Your social resume, also known as your social footprint, your online presence, your digital brand, et al, is the digital representation of who you are as a job candidate and potential employee. In case you haven’t heard, employers taking a serious look at you for a position will search LinkedIn, Facebook, Twitter, Instagram, Google+, and other sites to get a glimpse of what kind of person you are and what they might expect if they hired you.

One way to impress employers and present the kind of social resume that keeps you in the good candidate pile, is to ensure that your digital identity reflects, supports, and enhances the information you’ve included in your paper resume.

Here are a few websites with information on ways to create and strengthen your digital resume.

http://www.bbc.com/capital/story/20140606-no-social-media-presence-no-job

http://www.forbes.com/sites/jacquelynsmith/2013/04/16/how-social-media-can-help-or-hurt-your-job-search/

https://www.themuse.com/advice/why-you-need-a-social-resume-and-how-to-build-one 

http://mashable.com/2009/01/13/social-media-resume/

http://www.lifehack.org/articles/work/here-are-the-most-important-social-media-tips-for-job-seekers.html

http://rebekahradice.com/social-media-etiquette-business/

What’s Up With Resume Wizards

Are they a valuable tool or something to be avoided?  The answer probably depends on who you ask and what your needs are.

Resume wizards work really well for individuals who have never written a resume before.  The value is that the wizard shows how to develop the resume and what information to include.  However, for many individuals, the wizard resume will not showcase your skills/qualifications in the best possible light.  But, if the wizards are standard in Microsoft Word and other word processing programs doesn’t that mean that’s the right way to do a resume?

In my opinion, no.  I used to work as a recruiter for a staffing agency, and I reviewed a lot of resumes.  The resumes done with wizards especially those from Microsoft Word are obvious.  Anyone who works with resumes on a regular basis can spot them immediately.  When students bring in resumes developed with wizards, I always look at them and say “oh, you used a wizard”.  What used to run through my mind as I reviewed wizard resumes from college graduates was that the individual didn’t ask for help on the resume.  As a recruiter, I interfaced with college career centers regularly, so I knew help was available to students on most college campuses.  Career Centers are not likely to approve a resume wizard from a student.  What crossed my mind next was this individual has earned a college degree and should be able to produce a better document.  Remembering that your resume is a critical piece of job search documentation, it should be a demonstration of your highest quality work.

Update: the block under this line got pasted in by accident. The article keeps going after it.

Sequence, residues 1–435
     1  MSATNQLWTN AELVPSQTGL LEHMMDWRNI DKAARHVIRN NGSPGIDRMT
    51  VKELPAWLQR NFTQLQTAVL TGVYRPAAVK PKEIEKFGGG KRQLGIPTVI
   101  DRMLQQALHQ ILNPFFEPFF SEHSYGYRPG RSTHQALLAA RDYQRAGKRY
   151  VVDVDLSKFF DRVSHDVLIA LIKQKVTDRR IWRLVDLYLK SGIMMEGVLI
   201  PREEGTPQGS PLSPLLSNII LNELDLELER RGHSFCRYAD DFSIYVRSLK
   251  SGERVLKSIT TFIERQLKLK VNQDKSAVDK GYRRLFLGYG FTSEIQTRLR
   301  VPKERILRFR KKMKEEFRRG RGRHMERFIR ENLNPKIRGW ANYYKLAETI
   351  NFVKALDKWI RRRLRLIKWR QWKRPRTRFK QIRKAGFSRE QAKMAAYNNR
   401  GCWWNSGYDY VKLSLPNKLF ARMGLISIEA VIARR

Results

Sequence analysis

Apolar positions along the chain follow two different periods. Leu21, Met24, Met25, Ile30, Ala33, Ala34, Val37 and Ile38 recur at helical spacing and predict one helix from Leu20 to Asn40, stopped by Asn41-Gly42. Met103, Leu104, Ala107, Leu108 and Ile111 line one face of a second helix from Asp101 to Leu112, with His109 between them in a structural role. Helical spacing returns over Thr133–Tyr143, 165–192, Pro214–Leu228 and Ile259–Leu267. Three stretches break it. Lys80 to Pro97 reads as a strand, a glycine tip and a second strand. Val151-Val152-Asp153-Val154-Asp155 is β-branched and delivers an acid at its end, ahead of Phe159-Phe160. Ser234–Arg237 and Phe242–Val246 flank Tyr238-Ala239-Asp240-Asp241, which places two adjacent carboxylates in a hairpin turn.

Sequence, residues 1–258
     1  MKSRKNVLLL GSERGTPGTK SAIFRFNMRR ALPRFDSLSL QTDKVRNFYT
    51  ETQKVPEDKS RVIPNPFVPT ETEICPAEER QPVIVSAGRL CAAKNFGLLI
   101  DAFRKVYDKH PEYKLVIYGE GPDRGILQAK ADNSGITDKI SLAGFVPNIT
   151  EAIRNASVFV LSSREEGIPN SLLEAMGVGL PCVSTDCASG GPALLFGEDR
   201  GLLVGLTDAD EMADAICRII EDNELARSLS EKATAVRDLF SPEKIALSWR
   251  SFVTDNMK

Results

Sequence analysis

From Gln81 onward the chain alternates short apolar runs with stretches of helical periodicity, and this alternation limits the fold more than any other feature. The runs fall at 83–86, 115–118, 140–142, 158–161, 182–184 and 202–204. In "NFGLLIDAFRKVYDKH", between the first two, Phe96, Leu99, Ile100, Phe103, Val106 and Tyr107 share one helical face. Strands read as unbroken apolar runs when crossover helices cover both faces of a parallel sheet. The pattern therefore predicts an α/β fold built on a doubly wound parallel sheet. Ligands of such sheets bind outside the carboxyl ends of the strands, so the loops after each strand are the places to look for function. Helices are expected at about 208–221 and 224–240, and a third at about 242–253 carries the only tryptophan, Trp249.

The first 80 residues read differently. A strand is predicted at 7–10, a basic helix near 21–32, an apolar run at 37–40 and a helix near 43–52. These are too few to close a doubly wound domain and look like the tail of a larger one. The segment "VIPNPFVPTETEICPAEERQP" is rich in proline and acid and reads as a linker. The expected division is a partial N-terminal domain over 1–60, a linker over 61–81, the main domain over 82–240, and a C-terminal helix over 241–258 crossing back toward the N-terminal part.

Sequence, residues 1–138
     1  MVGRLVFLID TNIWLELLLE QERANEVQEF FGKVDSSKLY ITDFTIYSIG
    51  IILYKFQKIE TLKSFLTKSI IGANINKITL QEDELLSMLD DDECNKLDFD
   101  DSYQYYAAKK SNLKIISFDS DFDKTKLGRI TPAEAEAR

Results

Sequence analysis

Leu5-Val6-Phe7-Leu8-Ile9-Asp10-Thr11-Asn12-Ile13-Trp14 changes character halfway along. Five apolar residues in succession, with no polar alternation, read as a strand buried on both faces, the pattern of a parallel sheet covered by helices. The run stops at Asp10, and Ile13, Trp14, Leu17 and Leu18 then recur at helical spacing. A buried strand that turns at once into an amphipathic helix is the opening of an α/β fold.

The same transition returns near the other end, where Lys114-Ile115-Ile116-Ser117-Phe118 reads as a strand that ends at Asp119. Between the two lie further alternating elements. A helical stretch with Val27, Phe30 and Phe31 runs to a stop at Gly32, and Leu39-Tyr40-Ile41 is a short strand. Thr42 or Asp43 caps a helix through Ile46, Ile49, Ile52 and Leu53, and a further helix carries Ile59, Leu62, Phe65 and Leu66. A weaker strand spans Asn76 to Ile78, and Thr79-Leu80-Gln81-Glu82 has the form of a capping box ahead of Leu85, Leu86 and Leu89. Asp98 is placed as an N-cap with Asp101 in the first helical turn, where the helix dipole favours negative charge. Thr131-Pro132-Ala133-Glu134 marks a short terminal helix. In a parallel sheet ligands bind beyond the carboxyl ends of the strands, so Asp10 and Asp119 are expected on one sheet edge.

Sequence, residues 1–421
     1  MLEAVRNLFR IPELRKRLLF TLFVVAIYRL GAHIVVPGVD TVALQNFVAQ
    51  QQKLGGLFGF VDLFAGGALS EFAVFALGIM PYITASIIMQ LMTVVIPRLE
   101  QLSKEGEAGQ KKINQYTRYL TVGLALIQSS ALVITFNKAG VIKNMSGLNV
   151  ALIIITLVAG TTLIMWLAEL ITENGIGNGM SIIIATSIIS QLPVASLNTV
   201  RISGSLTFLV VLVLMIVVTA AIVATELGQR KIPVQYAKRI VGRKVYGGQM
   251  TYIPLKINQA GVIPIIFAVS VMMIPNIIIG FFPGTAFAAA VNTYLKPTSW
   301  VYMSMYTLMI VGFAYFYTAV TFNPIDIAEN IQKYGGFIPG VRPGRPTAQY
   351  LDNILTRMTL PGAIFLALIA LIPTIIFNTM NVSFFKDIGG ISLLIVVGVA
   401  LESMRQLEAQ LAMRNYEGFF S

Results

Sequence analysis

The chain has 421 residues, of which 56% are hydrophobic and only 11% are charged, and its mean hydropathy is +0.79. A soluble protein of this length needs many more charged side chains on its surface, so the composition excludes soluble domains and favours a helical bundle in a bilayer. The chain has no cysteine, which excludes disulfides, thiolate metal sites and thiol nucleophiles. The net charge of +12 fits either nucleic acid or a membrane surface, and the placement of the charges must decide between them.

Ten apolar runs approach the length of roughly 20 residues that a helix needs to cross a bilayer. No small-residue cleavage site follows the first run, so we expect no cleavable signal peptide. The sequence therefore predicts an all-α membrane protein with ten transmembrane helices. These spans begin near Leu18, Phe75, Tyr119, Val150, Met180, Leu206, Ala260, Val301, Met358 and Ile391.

Consistency is extremely important in resumes.  Some wizards use different sizes or fonts throughout the resume.  Most wizards don’t allow you to move sections around because the wizard has a pre-determined order for them.  Each resume is unique to the individual it’s created for because the resume needs to sell this individual for his/her career/field.  Some will list their education first while others will list their experience first.  Some will have long lists of technologies while others list a large amount of community service or volunteer activities.  The key to having an effective resume is to identify the field of interest and then target your strongest selling points relative to that field.  These qualifications are what you want to emphasize throughout the resume.  The Career Services Center at Bellevue University is here to assist Bellevue University students and alumni with their resumes.  Contact us for assistance.

Posted on September 16th, 2014 by